The world's first practical "artificial leaf” can now self-heal damage that occurs during production of energy.
The innovation means the leaf, which mimics the ability of real leaves to produce energy from nothing other than sunlight and water, can now be run on dirty water making it even more suitable for providing people in developing countries and remote areas with electricity.
Daniel Nocera, described the advance during the "Kavli Foundation Innovations in Chemistry Lecture" at the 245th National Meeting and Exposition of the American Chemical Society, which runs until Thursday.
Nocera, leader of the research team, explained the device is a simple catalyst-coated wafer of silicon, rather than a complicated reproduction of the photosynthesis mechanism in real leaves.
Dropped into a jar of water and exposed to sunlight, catalysts in the device break water down into its components, hydrogen and oxygen and those gases bubble up and can be collected and used as fuel to produce electricity in fuel cells.
"Surprisingly, some of the catalysts we've developed for use in the artificial leaf device actually heal themselves," Nocera said. "They are a kind of 'living catalyst.' This is an important innovation that eases one of the concerns about initial use of the leaf in developing countries and other remote areas."
Nocera, who is the Patterson Rockwood Professor of Energy at Harvard University, explained that the artificial leaf would probably find its first uses in providing "personalized" electricity to individual homes in areas that lack traditional electric power generating stations and electric transmission lines.
Less than one quart of drinking water, for instance, would be enough to provide about 100 watts of electricity 24 hours a day.
And while earlier versions of the leaf required pure water, because bacteria eventually formed biofilms on the leaf's surface shutting down production, the new “self-healing” design means it can be used in the natural environment.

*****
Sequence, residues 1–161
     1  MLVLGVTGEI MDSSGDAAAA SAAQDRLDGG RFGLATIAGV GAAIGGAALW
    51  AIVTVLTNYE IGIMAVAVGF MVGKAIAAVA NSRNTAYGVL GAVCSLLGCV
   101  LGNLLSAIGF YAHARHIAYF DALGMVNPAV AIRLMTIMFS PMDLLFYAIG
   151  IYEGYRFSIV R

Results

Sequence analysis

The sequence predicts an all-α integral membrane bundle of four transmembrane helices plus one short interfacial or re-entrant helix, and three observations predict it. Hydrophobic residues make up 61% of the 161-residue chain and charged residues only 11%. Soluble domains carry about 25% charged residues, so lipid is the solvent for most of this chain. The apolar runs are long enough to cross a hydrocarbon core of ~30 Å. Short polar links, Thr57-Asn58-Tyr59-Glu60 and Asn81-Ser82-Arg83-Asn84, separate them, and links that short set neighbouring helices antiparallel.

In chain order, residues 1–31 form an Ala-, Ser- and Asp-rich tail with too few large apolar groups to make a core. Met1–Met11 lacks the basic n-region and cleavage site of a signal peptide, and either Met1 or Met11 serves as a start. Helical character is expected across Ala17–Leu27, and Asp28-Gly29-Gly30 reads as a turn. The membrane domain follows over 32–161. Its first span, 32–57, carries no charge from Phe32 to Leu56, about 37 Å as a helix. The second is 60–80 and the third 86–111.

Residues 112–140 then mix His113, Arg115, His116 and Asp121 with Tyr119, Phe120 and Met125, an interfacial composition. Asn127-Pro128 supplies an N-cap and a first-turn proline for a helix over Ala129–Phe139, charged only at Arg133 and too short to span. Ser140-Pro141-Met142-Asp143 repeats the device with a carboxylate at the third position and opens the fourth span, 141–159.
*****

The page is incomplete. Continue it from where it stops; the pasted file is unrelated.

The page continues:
"Self-healing enables the artificial leaf to run on the impure, bacteria-contaminated water found in nature," Nocera said. "We figured out a way to tweak the conditions so that part of the catalyst falls apart, denying bacteria the smooth surface needed to form a biofilm. Then the catalyst can heal and re-assemble."
Nocera said that about 3 billion people today live in areas that lack access to traditional electric production and distribution systems and about 1 billion people in the developing world already lack reliable access to clean water.
"It's kind of like providing 'fast-food energy,'" he noted. "We're interested in making lots of inexpensive units that may not be the most efficient, but that get the job done. It's kind of like going from huge mainframe computers to a personal laptop. This is personalized energy."
Earlier devices used rare, costly metals and other materials, involved complicated wiring and were expensive to manufacture, but Nocera's artificial leaf uses less-expensive materials and incorporates a design — called a "buried junction" — that is simple and would be inexpensive to mass produce.
And the leaf has advantages over solar panels, which are costly and produce energy only during daylight hours, as the leaf's hydrogen and oxygen can be stored and used at night.
"A lot of people are designing complicated, expensive energy-producing devices, and it is difficult to see them being adopted on a large scale," he said. "Ours is simple, less expensive, and it works. And with that, I think we've changed the dialog in the field."
Among the team's priorities for further development of the device is integrating it with technology for converting the hydrogen into a liquid fuel that could run traditional portable electric generators or even cars.
Nocera acknowledged research funding from the National Science Foundation, the Department of Energy and the Air Force Office of Scientific Research.